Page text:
NSA Reform Advocates Refuse to Hand Data to FBIAdded: Tuesday, March 11th, 2014
Category: Recent Headlines Involving File Sharing > Current Events
Tags:ET, p2p, Torrent, Piracy, Peer To Peer, Network, Hackers, Internet, BitTorrent, Google, utorrent, bitcomet, extratorrent, 2013, www.extratorrent.cc
Advocates for the eliminating the mass surveillance oppose a reform proposal of the White House to hand over a vast database of US phone records to the Federal Bureau of Investigation.
The proposal in question is just one of several options under internal consideration for reforming the NSA’s mass collection of phone data. All of those options are contested for varying reasons by spies, privacy groups, phone companies and lawmakers.
Congressman Jim Sensenbrenner, a Wisconsin Republican, claimed his stance to end bulk collection of innocent Americans’ data was unwavering. He pointed out that mass collection has never been authorized by Congress and he intended to stop that blatant abuse of the law.
In the meantime, Senator Ron Wyden, another opponent of mass surveillance, believes that ending ineffective collection which violates constitutional protections would add little or no unique value and therefore could be replaced by less intrusive methods.
Other options are to hand over the phone data to a private entity like the telephone company, or to some non-governmental custodian. Obama administration is also considering whether to require an expanded mandate for the companies to retain customer information beyond the point at which they now purge it.
A final option under consideration is to end the mass collection at all, leaving the National Security Agency to obtain phone data via a warrant based on individualized suspicion of connections to terrorism or espionage.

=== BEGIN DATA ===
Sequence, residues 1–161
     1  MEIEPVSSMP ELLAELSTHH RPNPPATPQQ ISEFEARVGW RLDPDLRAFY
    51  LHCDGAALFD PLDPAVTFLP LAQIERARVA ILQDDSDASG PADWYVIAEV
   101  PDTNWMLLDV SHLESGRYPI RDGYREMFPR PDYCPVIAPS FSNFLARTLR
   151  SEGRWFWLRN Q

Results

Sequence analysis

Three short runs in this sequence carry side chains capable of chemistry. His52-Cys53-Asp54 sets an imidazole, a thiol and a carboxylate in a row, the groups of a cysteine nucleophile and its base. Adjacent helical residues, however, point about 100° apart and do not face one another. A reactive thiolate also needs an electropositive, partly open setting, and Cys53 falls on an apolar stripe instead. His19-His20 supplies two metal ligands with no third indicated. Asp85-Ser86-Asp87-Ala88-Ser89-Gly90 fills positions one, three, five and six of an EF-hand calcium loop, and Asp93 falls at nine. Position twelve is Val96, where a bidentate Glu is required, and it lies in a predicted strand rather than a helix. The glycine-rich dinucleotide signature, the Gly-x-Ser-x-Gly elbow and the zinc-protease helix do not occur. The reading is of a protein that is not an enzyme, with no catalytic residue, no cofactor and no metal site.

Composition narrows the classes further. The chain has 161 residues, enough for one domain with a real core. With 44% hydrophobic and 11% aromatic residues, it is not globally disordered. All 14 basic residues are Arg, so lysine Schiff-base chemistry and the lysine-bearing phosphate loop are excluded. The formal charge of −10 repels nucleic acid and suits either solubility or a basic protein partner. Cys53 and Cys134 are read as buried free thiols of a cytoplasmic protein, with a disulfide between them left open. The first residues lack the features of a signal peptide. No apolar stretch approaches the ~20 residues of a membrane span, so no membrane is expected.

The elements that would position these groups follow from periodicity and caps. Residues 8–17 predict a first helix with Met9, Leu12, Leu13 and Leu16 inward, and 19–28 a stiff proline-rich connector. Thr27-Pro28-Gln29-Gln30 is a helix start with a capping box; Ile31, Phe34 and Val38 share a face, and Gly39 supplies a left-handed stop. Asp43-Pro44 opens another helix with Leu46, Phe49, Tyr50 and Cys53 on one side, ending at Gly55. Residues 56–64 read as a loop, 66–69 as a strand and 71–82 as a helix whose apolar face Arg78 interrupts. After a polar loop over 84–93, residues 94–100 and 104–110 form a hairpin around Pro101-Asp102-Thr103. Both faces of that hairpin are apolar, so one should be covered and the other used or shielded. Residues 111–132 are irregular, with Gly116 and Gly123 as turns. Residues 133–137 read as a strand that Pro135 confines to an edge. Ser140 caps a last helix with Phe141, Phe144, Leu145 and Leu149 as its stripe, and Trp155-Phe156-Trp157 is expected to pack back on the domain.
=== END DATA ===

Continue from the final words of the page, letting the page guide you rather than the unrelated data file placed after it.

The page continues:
At the moment, privacy advocates consider the post-NSA surveillance choices under consideration weighted toward the status quo – or, in the FBI case, a step backward. They claim that the Bureau’s history of abusing the civil liberties of the US citizens is even longer than the NSA’s.
Some of the lawmakers are clearly opposing a shift in the mass collection away from the National Security Agency. The main congressional alternative, the USA Freedom Act, seeks to end the mass collection and suggests to require the government to obtain legal orders for information tied to specific suspicions of wrongdoing.
By the way, a few days ago the Justice Department formally requested that the FISA court permit the government to hold domestic phone information beyond the 5-year point at which the NSA is supposed to purge it. The administration claimed it needs the data for longer to respond to the lawsuits challenging the legality of the mass collection of such data.
Posted by: Date:
Tuesday, March 11th, 2014
|Yeah give it to a government contractor. That way the problem can be twice as bad.|
|The only real reform would be what's referred to here as thhe "final" option, but it will do no good and be subverted just like it has been since Frank Church reformed it in the 70s with 'intelligence committees' that are now bought and paid for by private corporate offense contractors.|
The only true reform will include treason trials for those who advocated, implemented, authorized, or participated in this cold war targeting the USA.
|posted by (2014-03-12 21:58:26)|
|then the permanent job in any serious side systems calculated per minute to an hour spying on a Governmental agency as nsa requirements if it is so; Snowden appears to leave rediculo nsa with one header on any news of the day.|
|What could possibly go wrong with handing the data over to the FBI?|
It's not like J. Edgar ever abused the FBI's power.
Most Popular Stories